Even though fentanyl is stronger than heroin, it is far cheaper and sometimes easier to obtain than heroin. As a result, some drug manufacturers will use fentanyl as a filler or cutting agent to add to heroin and reduce the cost of the substance. ( Both drugs produce similar effects on the body, however, it takes far less fentanyl to get high than it does heroin.

Side Effects of Fentanyl and Heroin Abuse

Both heroin and fentanyl provide a fast-acting and powerful high that is extremely addictive. As opioid drugs, these substances are central nervous system depressants that provide users with a relaxed state of mind. Common side effects of taking heroin, fentanyl, and other opioids include:

  • Pinpoint pupils
  • Confusion
  • Flushed skin
  • Euphoria and relaxation
  • Severe itching
  • Nausea and vomiting
  • Dry mouth
  • “Heavy” feeling
  • Slowed breathing
  • Sedation
  • Unconsciousness

In the long-term, both drugs can have serious consequences. For example, people who inject fentanyl or heroin may suffer from collapsed veins, abscesses, infections, and the risk of HIV/AIDS. Other long-term users may sustain damage to their respiratory, cardiovascular, and cognitive systems.

Overdose Potential

When taken in high doses, both drugs can lead to an opioid overdose. Sadly, many people who obtain heroin that is cut with fentanyl are unaware that their substance contains fentanyl, so they will consume their normal dose thinking it is heroin and end up overdosing. That being said, it’s just as easy to overdose on heroin alone, especially if you don’t have a tolerance.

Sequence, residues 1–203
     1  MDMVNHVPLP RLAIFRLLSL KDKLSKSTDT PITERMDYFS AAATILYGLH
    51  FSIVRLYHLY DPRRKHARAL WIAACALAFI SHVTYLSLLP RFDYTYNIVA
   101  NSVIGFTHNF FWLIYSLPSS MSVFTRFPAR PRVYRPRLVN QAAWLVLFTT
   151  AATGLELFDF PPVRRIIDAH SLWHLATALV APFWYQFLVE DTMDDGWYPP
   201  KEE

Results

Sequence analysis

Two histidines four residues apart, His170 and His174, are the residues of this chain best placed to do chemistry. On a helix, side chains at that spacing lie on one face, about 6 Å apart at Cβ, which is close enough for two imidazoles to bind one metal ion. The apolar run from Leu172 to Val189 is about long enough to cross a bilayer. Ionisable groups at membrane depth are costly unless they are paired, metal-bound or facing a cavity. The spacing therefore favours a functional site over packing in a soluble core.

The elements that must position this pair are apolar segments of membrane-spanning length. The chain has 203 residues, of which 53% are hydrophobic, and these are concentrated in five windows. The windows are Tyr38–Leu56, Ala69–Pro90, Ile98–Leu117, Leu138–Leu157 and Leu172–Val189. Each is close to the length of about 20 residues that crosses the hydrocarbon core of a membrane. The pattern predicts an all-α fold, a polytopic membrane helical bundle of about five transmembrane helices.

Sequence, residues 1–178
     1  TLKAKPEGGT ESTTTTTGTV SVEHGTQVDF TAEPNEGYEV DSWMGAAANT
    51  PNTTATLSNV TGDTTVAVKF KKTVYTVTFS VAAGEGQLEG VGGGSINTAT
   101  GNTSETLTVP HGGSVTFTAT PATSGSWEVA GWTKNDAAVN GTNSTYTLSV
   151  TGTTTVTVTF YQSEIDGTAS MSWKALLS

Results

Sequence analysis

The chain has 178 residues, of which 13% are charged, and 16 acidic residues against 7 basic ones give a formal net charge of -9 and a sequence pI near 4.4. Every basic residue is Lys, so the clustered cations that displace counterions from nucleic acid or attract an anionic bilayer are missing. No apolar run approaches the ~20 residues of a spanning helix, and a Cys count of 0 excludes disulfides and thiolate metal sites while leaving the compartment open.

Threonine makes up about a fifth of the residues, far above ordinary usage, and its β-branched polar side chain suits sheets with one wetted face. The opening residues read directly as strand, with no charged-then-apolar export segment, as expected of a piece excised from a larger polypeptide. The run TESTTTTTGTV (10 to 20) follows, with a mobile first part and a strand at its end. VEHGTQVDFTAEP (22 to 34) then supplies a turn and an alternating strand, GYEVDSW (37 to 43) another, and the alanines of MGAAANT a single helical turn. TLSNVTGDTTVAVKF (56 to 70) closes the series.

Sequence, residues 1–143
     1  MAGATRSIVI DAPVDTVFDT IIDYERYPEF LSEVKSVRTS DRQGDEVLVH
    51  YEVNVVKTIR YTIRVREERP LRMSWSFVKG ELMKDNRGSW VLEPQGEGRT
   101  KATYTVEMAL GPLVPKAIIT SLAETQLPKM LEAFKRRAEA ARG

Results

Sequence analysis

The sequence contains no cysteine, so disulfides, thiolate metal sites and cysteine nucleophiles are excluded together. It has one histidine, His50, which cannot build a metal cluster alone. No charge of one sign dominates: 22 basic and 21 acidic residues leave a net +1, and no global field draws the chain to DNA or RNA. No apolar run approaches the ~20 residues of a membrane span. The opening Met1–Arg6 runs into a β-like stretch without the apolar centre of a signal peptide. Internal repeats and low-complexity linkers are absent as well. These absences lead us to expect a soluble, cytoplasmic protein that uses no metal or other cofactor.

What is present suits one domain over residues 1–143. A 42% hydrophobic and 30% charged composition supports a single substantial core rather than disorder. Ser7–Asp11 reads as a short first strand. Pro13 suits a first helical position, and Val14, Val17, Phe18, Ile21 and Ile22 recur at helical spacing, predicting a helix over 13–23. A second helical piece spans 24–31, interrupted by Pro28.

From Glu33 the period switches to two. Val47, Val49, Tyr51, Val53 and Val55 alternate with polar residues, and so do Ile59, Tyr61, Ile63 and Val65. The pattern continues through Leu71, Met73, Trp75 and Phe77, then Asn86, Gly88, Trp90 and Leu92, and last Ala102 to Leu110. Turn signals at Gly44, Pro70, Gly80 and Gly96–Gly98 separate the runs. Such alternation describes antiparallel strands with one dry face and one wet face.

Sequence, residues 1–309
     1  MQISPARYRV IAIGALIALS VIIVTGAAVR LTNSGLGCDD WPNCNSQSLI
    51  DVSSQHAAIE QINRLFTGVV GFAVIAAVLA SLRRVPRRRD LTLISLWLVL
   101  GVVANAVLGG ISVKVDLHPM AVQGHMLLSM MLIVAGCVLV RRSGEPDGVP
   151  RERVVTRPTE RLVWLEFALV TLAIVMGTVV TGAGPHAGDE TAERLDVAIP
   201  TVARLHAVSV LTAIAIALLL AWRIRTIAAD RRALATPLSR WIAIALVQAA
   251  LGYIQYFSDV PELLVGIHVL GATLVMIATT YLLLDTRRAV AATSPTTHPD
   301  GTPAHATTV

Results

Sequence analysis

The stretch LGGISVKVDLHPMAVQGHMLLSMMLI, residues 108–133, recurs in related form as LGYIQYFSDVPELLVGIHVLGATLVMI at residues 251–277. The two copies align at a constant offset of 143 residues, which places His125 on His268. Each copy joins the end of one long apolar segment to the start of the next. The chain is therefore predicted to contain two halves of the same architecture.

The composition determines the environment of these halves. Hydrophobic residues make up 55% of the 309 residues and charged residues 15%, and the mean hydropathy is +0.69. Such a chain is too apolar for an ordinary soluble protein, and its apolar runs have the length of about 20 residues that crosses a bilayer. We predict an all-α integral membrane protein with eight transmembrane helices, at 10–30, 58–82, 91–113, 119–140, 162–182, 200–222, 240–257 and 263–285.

When an individual is overdosing, he or she may seem confused mentally, extremely drowsy, and quite lethargic. Signs and symptoms of fentanyl or heroin overdose are:[3]

  • Reduced body temperature
  • Bluish fingers or lips
  • Loss of consciousness
  • Slowed or stopped breathing
  • Gurgling noises
  • Vomiting and aspiration
  • Coma
  • Death

If administered quickly, Narcan (naloxone) may be effective in reversing opioid overdoses and restoring a person’s breathing until further medical attention can be obtained. If you suspect someone is overdosing on an opioid, dial 911 immediately.

Addiction and Dependence

Both heroin and fentanyl are highly addictive. People who use these substances repeatedly will develop a tolerance, meaning their brain and body become used to the presence of opioid drugs and require higher doses to feel the effects. At the same time, dependence is likely, so addicted users will experience painful withdrawal symptoms when they stop using.

Symptoms people can expect during opioid withdrawal include:

  • Depression and anxiety
  • Watery eyes and excessive yawning
  • Body aches and pains
  • Nausea and vomiting
  • Fever
  • Cold sweats
  • Insomnia

Fortunately, detox medications like Suboxone can help reduce these symptoms and help people begin their road to recovery on the right foot.

Find Help for Opioid Addiction Today

Treatment for heroin or fentanyl addiction consists of medical detox, comprehensive substance abuse counseling, and peer support. At PAX Memphis Recovery Center, our Suboxone treatment program has the tools and resources you need to overcome opioid addiction. We’ll help you get through detox, uncover the causes of your addiction, and teach you how to live sober.

Don’t wait any longer. Contact us today to learn more about your addiction treatment options.